Spot Problems With Your Shingles Before Your Furniture Gets Wet
Roofing problems are a scary thing. While they take a while to develop, this can also make them easy to miss. Rather than doing the repairs when it would be quick and easy, forgetting to inspect your roof regularly can put you into a position where leaks start damaging the interior of your home.
There are a couple of reasons that dark patches could appear on your roof, and they should both be cause for concern. First, these patches can be caused by certain types of algae. The specific variety will depend on where you live, but it is always damaging if allowed to grow unchecked. These organisms feed on moisture, and if left to grow, they will eventually compromise the integrity of the shingles. Products do exists to kill the bacteria, and it is possible to do the application yourself. However, because the chemicals need to be spread evenly over the entire area to be effective, it is generally best to hand the project over to a professional.
The second reason is more difficult to fix. If your shingles are only showing dark patches after it rains, then you probably have a dip in your roof deck that is allowing water to pool instead of running off completely. While shingles are designed to repel water, they aren't designed to sit and soak for days at a time. The standing water can work its way under the shingles and become a breeding ground for mold. Repair will likely entail pulling up that section of roofing, repairing the underlying issue, and then replacing the shingles.
Shingles Are Damaged And Missing
Asphalt shingles are generally good for about 20 years. While that may seem like a long time when they are new, it may come sooner than you think. You probably aren't going to pay for roof replacement just because the clock is running out-- you are going to wait until the old shingles are actually failing before making that investment. There are a couple of things you can watch for to determine when it is time for a new roof.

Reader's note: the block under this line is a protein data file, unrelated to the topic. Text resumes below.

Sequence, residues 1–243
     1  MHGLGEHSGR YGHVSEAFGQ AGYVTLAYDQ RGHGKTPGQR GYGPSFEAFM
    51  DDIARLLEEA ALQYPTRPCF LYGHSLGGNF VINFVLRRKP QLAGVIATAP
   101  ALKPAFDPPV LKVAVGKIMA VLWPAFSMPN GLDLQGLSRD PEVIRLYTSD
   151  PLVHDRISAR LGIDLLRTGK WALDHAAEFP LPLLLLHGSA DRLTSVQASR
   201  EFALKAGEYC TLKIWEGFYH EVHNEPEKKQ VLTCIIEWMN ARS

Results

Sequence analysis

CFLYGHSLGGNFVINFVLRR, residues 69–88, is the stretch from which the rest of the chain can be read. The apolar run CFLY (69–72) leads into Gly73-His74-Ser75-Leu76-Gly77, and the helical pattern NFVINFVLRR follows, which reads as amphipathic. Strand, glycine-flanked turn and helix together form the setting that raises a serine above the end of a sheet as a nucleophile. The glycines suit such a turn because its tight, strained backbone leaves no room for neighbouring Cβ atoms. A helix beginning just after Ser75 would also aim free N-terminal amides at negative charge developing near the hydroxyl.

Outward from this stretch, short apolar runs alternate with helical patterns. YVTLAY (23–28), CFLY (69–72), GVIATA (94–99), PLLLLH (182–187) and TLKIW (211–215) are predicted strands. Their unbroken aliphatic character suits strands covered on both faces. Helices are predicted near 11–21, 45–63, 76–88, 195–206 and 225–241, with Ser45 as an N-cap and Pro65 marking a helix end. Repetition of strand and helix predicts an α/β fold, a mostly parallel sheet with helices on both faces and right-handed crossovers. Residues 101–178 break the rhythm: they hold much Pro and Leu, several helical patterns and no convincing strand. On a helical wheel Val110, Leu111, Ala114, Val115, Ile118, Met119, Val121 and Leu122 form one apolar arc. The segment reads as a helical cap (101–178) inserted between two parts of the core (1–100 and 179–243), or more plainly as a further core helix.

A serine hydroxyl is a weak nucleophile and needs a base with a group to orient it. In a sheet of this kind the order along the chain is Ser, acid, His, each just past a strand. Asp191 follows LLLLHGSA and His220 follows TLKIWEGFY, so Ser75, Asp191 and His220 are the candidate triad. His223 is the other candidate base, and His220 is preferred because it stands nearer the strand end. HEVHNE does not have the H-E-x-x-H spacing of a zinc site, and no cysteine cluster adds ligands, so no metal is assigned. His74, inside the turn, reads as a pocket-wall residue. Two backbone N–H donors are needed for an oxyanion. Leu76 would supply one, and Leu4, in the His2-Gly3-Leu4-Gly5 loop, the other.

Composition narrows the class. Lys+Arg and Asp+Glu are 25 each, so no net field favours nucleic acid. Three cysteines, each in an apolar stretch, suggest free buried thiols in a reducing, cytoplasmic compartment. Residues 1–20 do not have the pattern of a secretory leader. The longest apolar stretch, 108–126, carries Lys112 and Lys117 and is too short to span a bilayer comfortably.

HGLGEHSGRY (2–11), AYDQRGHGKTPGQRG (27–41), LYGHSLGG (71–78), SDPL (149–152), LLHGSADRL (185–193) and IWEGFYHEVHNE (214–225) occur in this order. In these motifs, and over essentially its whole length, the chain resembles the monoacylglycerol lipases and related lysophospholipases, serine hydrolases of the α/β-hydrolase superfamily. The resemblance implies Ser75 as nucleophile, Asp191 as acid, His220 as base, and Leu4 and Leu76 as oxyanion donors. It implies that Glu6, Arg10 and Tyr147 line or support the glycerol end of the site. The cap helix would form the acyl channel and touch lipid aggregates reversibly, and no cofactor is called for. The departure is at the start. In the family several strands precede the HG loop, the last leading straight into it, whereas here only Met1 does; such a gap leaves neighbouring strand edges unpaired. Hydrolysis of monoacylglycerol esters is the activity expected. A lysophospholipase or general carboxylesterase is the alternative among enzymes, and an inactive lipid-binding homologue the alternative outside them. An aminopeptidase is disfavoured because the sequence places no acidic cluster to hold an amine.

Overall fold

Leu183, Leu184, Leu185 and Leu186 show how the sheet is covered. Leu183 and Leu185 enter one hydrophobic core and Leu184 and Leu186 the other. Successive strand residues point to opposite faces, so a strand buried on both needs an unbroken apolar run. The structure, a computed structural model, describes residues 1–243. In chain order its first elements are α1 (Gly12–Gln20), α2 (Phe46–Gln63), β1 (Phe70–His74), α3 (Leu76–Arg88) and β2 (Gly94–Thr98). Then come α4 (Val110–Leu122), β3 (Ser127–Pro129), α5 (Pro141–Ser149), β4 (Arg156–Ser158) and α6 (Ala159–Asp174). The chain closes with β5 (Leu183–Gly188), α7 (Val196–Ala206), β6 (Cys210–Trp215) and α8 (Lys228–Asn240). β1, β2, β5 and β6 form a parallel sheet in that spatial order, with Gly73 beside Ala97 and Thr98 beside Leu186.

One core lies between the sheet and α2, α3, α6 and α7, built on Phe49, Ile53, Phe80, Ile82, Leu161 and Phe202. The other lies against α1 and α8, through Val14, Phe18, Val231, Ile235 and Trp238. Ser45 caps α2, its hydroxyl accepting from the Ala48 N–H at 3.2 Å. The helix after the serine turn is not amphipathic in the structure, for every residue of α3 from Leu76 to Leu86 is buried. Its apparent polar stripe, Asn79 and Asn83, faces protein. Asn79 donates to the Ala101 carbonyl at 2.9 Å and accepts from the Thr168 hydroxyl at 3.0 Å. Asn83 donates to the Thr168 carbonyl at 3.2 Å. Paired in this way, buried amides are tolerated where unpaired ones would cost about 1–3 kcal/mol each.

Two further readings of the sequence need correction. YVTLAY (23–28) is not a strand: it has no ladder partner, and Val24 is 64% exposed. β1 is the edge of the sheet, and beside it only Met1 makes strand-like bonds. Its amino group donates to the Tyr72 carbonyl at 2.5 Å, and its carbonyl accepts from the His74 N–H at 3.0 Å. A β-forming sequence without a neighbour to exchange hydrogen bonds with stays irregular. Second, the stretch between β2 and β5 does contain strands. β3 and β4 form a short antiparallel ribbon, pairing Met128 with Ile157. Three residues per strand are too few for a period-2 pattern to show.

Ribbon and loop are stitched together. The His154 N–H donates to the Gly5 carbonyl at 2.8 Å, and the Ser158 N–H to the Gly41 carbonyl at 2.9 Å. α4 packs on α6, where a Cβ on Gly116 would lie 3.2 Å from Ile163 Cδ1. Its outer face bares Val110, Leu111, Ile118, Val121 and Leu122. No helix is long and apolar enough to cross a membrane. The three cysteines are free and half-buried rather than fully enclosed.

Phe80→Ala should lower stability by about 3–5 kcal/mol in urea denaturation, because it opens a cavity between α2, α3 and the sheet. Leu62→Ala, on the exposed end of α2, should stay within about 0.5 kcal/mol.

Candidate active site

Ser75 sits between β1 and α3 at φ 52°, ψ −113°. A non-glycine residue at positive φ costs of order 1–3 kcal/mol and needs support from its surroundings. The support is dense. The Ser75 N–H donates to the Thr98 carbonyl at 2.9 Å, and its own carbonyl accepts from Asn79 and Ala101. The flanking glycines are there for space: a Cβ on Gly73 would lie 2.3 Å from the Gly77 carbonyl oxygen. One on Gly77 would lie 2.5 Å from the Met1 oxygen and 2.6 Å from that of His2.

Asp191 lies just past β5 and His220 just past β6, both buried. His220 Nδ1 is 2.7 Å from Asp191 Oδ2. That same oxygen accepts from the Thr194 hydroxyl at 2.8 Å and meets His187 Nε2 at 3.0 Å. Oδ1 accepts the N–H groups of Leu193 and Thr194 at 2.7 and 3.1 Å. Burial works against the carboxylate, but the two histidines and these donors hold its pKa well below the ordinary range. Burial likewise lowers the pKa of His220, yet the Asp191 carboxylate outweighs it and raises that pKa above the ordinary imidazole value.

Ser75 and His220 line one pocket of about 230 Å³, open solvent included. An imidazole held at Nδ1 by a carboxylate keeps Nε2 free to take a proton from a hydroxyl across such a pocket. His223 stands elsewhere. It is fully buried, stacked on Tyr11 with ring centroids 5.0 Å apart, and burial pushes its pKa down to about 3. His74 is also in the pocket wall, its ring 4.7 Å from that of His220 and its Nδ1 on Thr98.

- Shingles are missing on a regular basis. It is normal to lose a couple in a major storm, but as they break down you will start losing more and more every time it gets windy.
- The edges of the shingles are starting to crack and curl. The main reason shingles fail is that the tar that holds them together breaks down. This will be most apparent at the edges where the shingles will start to literally fall apart.
- There is quite a bit of gravel in your gutter. In the same vein as curling, old shingles will start to shed the gravel that makes up the surface of the shingles. It will wash off the roof and start collecting in your gutters.
Sheets of metal called flashing are used in corners and around chimneys to create a water tight barrier on the edges where shingles can't reach. This flashing often has a shorter lifespan than the shingles themselves. This failure is often invisible from the outside, but you can see it by going in your attic and looking for moisture around those seams. This is another case where DIY repair is certainly possible, but a pro will be able to complete the job with a minimum of damage to the surrounding shingles.
Keeping your home safe means inspecting your roof at least once a year. If you are unable or uncomfortable with climbing up there to look, you may wish to ask a trusted friend or family member for assistance. You may also be able to contract with a roofer, who will give you a discount on the repair work, in exchange for a regular maintenance contract.